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Georgia Board Of Education Takes Aim At Critical Race Theory

Gov. Brian Kemp and State School Superintendent Richard Woods released statements applauding the Georgia Board of Education’s "opposition to teaching Critical Race Theory in Georgia's K-12 classrooms."
Gov. Brian Kemp and State School Superintendent Richard Woods released statements applauding the Georgia Board of Education’s "opposition to teaching Critical Race Theory in Georgia's K-12 classrooms."
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Georgia’s majority-white, governor-appointed Board of Education approved a resolution on Thursday that seeks to stop teaching what members call “divisive ideologies” in public schools.

You wouldn’t know by the resolution that most of the meeting was a debate of Critical Race Theory — which focuses on how historical inequities and racism continue to shape American society.

Even though it doesn’t specifically mention Critical Race Theory, it’s the only ideology that the board discussed during the hourlong meeting. And if it wasn’t clear heading into the virtual meeting that the theory was the elephant in the increasingly tense room, Gov. Brian Kemp and State School Superintendent Richard Woods released statements applauding the board’s “opposition to teaching Critical Race Theory in Georgia’s K-12 classrooms.”

The 11-2 vote approving the measure followed a letter from Kemp in May, calling Critical Race Theory “dangerous” and “anti-American.”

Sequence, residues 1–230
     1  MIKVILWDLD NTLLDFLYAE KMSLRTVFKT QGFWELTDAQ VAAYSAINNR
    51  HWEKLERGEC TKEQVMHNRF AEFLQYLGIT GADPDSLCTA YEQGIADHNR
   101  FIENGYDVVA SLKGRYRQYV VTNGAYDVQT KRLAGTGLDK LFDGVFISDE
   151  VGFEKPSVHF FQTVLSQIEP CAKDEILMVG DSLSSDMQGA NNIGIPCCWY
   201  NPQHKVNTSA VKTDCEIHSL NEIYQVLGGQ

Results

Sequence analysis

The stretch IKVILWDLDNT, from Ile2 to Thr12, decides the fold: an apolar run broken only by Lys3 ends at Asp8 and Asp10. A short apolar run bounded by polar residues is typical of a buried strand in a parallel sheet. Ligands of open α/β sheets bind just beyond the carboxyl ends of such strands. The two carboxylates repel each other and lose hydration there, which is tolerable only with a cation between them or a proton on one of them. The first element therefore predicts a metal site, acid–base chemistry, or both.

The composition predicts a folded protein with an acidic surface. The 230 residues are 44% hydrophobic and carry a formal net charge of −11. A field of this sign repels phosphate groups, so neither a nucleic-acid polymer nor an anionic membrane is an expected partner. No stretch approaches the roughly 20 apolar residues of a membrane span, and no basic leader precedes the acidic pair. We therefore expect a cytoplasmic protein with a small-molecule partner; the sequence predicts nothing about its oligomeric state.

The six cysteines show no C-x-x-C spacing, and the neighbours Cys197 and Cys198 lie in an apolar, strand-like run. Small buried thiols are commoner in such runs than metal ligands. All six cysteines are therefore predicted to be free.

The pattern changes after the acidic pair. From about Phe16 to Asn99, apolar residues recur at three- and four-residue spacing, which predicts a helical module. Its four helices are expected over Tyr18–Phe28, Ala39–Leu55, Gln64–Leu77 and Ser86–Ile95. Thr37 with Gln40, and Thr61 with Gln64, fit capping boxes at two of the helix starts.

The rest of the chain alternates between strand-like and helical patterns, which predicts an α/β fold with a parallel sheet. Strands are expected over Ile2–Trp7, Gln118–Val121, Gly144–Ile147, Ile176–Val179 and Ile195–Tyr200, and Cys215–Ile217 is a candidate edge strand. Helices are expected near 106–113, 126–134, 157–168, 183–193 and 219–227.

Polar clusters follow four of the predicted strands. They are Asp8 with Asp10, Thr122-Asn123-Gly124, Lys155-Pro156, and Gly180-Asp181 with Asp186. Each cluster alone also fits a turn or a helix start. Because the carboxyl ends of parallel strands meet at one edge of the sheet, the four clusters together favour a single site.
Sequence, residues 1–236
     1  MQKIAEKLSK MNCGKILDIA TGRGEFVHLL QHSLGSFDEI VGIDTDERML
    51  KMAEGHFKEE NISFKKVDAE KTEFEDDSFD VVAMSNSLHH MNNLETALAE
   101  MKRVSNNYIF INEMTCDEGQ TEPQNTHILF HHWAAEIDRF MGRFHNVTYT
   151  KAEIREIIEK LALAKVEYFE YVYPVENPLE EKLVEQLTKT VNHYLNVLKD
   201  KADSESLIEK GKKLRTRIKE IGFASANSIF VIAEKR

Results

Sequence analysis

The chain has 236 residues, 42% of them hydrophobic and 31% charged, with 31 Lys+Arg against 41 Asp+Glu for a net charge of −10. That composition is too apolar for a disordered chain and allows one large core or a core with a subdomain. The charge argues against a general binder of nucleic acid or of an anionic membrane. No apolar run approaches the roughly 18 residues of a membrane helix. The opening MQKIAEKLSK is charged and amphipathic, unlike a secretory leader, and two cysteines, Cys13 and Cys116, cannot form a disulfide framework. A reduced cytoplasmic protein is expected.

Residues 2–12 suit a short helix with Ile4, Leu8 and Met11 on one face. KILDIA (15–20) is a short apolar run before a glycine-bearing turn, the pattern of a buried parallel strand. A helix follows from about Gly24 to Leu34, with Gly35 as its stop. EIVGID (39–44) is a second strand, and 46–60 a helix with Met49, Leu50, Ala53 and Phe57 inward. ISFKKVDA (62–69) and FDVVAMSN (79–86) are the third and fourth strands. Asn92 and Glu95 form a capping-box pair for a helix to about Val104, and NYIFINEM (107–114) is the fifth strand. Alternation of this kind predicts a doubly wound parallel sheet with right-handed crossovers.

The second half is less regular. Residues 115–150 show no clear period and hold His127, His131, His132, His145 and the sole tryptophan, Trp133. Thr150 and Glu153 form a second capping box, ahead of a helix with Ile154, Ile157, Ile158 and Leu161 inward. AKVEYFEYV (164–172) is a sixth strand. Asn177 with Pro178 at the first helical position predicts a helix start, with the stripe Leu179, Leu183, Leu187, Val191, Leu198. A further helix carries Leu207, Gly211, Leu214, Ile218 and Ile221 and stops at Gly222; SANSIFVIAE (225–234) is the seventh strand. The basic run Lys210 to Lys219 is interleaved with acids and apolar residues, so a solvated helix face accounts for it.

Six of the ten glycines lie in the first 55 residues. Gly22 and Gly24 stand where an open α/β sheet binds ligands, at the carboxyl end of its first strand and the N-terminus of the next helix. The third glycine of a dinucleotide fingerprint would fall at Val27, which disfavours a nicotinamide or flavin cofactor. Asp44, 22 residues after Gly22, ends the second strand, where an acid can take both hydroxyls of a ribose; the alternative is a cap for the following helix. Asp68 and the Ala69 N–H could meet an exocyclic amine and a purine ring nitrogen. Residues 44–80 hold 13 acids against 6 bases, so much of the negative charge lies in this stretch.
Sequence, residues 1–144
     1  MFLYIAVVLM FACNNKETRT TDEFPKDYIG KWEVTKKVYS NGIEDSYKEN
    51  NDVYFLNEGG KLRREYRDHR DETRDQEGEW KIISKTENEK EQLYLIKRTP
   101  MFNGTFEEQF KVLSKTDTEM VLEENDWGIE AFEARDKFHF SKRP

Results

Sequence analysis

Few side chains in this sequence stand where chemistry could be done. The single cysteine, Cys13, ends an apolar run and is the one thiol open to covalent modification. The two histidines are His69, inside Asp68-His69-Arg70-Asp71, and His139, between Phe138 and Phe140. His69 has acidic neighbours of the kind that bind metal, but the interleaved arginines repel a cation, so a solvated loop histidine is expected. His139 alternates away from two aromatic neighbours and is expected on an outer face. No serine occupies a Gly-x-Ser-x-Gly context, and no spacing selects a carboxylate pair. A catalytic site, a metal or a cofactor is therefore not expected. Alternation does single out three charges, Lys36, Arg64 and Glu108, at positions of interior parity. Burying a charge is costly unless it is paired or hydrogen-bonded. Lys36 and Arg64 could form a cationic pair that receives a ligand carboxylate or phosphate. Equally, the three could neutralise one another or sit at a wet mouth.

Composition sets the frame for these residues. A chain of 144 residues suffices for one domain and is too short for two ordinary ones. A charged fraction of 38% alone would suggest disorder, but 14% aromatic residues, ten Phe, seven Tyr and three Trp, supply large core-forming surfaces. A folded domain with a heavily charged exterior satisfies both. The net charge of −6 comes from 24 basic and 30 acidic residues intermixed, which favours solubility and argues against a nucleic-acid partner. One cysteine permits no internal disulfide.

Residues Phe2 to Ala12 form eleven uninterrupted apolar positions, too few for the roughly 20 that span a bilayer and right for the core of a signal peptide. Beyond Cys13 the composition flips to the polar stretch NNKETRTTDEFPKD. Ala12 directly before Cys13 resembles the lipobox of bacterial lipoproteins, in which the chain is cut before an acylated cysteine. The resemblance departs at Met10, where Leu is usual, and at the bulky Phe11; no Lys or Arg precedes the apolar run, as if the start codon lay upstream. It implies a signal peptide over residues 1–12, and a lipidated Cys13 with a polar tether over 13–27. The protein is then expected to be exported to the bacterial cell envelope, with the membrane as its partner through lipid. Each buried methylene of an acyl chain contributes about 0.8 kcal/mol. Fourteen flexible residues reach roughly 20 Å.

The statements from Woods and State Board of Education Chairman Scott Sweeney did not outright mention CRT. Sweeney said during the meeting that the resolution is just a statement and doesn’t put the brakes on anything already being taught in classrooms — for now.

“We want to encourage people to teach the facts,” Sweeney told board members. “Is there racism within the country? Absolutely. Is the entire country racist? I don’t agree with that.”

Specific language in the resolution reads concepts that put “fault, blame, a tendency to oppress others, or the need to feel guilt or anguish to persons solely because of their race or sex” violate students’ individual rights and equal opportunity.

Kenneth Mason, one of only three Black board members, voted against the resolution.

“In order to make a statement of such a complex social construct that affects so many people, we should have a discussion,” Mason argued, noting that he had not seen the resolution prior to the meeting.

Mason said the whole concept only excuses the existence of racism.

“If you believe and have experienced racism in your life, then you should and will be silenced. That is extremely disappointing to me,” Mason said.

Several public comments in a sidebar chat during the virtual meeting said that the board is only “whitewashing” history.

Several Georgia Republicans have also targeted the teaching of the New York Times Magazine’s 1619 Project, which reexamines American history through the lens of slavery and its legacy.